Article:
Video evidence has emerged of Nigel Farage saying EU cash should be spent on the National Health Service after Brexit.
The Ukip leader on Friday morning denied having endorsed a pledge to spend Britain’s EU contribution on the NHS just hours after the referendum results came in.
He told ITV’s Good Morning Britain that the pledge came from others in the Leave campaign and that it was their “mistake” to loudly earmark £350 million for the health service during the campaign.
However footage from BBC Question Time on 9 June – just weeks before the referendum – shows the Ukip leader claiming the available cash was higher than £350 million and saying money should be spent on hospitals and GPs.
“Can we just get to the truth of this - £350 million a week is wrong, it’s higher than that,” he told the programme’s audience.
“FACT – absolute fact – from the official statistics cross-checked from the EU: we pay £55 million a day as a contribution. Some of that is the rebate which doesn’t go but our gross contribution is £55 million a day.”
“We should spend that money here, in our own country, on our own people,” he added.
When subsequently challenged by an audience member who said he advocated an insurance system and did not “believe in the NHS”, he said:
6 ways Britain leaving the EU will affect you
6 ways Britain leaving the EU will affect you
1/6 More expensive foreign holidays
The first practical effect of a vote to Leave is that the pound will be worth less abroad, meaning foreign holidays will cost us more
2/6 No immediate change in immigration status
The Prime Minister will have to address other immediate concerns. He is likely to reassure nationals of other EU countries living in the UK that their status is unchanged. That is what the Leave campaign has said, so, even after the Brexit negotiations are complete, those who are already in the UK would be allowed to stay
3/6 Higher inflation
A lower pound means that imports would become more expensive. This is likely to mean the return of inflation – a phenomenon with which many of us are unfamiliar because prices have been stable for so long, rising at no more than about 2 per cent a year. The effect may probably not be particularly noticeable in the first few months. At first price rises would be confined to imported goods – food and clothes being the most obvious – but inflation has a tendency to spread and to gain its own momentum
4/6 Interest rates might rise
The trouble with inflation is that the Bank of England has a legal obligation to keep it as close to 2 per cent a year as possible. If a fall in the pound threatens to push prices up faster than this, the Bank will raise interest rates. This acts against inflation in three ways. First, it makes the pound more attractive, because deposits in pounds will earn higher interest. Second, it reduces demand by putting up the cost of borrowing, and especially by taking larger mortgage payments out of the economy. Third, it makes it more expensive for businesses to borrow to expand output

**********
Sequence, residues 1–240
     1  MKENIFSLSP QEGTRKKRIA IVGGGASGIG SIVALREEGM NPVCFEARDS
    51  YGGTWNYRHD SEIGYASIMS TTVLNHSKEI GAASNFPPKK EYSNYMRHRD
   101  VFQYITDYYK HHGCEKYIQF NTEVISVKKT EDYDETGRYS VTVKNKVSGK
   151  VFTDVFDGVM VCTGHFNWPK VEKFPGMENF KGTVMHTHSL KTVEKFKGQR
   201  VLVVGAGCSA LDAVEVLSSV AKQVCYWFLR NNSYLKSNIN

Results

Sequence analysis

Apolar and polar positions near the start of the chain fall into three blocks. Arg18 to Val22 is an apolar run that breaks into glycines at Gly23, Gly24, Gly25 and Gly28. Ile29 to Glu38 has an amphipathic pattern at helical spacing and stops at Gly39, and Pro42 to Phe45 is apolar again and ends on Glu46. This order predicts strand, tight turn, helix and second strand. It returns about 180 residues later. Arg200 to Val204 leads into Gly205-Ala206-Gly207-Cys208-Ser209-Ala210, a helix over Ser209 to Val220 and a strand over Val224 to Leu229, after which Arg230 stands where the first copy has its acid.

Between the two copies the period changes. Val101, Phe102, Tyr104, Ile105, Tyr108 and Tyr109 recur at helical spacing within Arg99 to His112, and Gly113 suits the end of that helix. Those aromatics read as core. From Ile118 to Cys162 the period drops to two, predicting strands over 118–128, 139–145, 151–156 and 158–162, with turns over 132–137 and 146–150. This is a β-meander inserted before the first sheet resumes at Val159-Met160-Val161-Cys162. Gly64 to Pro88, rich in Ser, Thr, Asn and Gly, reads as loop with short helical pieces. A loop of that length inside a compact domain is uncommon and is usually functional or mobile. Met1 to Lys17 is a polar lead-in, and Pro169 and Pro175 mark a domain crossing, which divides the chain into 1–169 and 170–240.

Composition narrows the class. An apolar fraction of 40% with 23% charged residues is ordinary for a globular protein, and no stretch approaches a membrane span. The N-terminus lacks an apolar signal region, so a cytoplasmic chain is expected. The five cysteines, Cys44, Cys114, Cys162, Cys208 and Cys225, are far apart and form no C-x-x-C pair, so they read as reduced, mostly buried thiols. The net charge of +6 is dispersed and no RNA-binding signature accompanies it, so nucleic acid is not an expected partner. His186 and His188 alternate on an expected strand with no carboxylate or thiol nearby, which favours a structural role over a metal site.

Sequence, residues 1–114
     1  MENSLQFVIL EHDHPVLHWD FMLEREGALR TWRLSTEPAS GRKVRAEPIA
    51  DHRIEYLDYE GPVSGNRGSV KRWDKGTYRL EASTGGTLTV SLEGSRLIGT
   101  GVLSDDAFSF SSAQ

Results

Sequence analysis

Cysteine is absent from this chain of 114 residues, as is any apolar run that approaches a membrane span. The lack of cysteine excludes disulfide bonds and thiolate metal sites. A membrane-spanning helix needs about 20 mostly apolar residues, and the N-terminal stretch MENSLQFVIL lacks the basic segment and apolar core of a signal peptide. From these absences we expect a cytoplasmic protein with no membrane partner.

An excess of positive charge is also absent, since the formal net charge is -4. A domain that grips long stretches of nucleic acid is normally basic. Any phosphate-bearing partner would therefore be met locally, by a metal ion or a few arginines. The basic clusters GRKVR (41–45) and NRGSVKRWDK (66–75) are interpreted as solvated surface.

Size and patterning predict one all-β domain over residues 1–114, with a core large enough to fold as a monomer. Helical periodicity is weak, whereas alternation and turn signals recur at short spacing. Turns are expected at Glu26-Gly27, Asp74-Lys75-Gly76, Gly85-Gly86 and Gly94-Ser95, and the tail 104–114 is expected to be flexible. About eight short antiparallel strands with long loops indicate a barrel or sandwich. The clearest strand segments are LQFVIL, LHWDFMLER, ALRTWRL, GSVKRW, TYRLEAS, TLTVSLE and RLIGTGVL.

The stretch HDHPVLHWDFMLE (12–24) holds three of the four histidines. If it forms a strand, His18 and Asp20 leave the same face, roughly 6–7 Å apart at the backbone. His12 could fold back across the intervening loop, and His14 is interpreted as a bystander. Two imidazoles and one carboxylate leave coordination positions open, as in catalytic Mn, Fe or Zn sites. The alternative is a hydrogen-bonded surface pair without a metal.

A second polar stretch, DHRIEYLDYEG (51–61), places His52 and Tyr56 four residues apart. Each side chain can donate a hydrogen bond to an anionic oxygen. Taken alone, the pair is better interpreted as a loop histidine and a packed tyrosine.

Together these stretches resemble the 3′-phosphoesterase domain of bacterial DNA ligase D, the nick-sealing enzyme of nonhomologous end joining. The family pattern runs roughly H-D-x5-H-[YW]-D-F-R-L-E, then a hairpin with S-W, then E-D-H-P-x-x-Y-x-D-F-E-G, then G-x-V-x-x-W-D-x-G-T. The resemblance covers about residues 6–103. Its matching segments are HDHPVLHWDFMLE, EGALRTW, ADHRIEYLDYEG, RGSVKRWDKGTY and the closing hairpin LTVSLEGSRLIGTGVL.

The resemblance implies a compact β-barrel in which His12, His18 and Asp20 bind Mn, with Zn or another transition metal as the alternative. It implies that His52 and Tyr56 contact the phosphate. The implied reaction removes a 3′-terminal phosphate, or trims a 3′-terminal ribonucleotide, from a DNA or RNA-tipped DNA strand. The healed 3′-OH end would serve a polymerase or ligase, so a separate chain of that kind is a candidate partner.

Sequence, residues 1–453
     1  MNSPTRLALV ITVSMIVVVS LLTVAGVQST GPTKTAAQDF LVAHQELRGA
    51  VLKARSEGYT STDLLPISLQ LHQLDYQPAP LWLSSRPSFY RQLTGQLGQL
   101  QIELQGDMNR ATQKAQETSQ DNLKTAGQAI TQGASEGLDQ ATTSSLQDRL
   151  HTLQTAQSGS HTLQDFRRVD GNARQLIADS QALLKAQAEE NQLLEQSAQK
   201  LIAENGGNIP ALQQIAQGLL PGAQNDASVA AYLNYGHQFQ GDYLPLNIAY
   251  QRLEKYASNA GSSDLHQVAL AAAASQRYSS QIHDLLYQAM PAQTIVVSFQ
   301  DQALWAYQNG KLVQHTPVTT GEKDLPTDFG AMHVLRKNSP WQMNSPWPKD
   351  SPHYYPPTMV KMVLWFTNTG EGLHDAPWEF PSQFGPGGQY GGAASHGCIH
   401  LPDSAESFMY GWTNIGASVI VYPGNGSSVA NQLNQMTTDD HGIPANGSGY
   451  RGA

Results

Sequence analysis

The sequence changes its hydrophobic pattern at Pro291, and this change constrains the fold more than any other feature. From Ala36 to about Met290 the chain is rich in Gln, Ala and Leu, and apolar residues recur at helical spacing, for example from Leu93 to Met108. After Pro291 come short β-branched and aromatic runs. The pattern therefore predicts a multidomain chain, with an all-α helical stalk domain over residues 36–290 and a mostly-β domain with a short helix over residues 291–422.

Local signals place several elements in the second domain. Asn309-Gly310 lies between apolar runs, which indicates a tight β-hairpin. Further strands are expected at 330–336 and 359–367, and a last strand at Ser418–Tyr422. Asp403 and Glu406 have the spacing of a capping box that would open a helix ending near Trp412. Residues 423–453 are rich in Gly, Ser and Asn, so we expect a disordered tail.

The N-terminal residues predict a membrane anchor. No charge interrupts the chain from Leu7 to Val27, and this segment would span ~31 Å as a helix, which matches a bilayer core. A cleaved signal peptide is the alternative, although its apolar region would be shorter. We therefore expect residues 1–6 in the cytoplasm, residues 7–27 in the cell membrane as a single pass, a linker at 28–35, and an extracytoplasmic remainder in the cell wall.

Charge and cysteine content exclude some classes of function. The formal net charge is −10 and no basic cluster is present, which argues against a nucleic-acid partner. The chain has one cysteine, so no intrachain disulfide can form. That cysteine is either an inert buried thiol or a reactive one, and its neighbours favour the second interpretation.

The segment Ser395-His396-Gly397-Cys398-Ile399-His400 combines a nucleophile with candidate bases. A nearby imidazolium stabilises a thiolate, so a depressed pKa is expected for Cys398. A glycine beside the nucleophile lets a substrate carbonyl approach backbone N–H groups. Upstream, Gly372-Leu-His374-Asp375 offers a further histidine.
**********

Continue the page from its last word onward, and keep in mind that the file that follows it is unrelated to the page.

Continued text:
5/6 Did somebody say recession?
Mr Carney, the Treasury and a range of international economists have warned about this. Many Leave voters appear not to have believed them, or to think that they are exaggerating small, long-term effects. But there is no doubt that the Leave vote is a negative shock to the economy. This is because it changes expectations about the economy’s future performance. Even though Britain is not actually be leaving the EU for at least two years, companies and investors will start to move money out of Britain, or to scale back plans for expansion, because they are less confident about what would happen after 2018
6/6 And we wouldn’t even get our money back
All this will be happening while the Prime Minister, whoever he or she is, is negotiating the terms of our future access to the EU single market. In the meantime, our trade with the EU would be unaffected, except that companies elsewhere in the EU may be less interested in buying from us or selling to us, expecting tariff barriers to go up in two years’ time. Whoever the Chancellor is, he or she may feel the need to bring in a new Budget
“Do you know what I’d like to do with the £10 billion? I’d like that £10 billion to be spent helping the communities in Britain that [the] Government damaged so badly by opening up the doors to former communist countries. What people need is schools, hospitals, and GPs. That’s what they need.”
On Good Morning Britain on results day, Mr Farage however said: “No, I can’t [guarantee the money would go to the NHS]. I would never have made that claim.
“That was one of the mistakes I think the Leave campaign made. It wasn’t one of my adverts, I can assure you. I think they made a mistake in doing that.”
He went on to describe the UK’s contribution to the NHS as a “featherbed”.
The about-face from Mr Farage comes amid a series of U-turns from the Brexit camp immediately after results came in.
Conservative MEP Daniel Hannan, who unlike Mr Farage campaigned with the official Vote Leave group, said he now believed a post-EU settlement should not result in reduced immigration.
“Chaps, look at what I said throughout the campaign: it's all on Twitter, YouTube etc. I was for more control, not for minimal immigration,” he tweeted on Saturday morning.
The Leave campaign won the EU referendum by 52 per cent to 48 per cent. The campaign largely centered around immigration and spending EU contributions on the NHS.